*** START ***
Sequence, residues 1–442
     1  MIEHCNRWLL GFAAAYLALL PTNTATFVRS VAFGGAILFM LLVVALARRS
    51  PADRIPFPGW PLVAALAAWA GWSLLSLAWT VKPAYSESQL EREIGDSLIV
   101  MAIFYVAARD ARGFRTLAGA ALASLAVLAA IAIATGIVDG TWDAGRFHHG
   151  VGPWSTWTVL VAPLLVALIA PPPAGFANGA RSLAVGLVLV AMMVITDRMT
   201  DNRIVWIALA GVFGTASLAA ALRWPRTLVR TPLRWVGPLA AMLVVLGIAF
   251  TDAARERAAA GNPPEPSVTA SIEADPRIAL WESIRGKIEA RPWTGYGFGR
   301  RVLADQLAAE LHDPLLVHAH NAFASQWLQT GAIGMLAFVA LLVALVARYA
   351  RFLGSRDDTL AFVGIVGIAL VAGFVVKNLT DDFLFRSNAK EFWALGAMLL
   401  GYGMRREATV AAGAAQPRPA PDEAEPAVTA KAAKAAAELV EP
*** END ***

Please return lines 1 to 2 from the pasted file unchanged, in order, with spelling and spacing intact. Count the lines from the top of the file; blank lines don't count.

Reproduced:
Sequence, residues 1–442
     1  MIEHCNRWLL GFAAAYLALL PTNTATFVRS VAFGGAILFM LLVVALARRS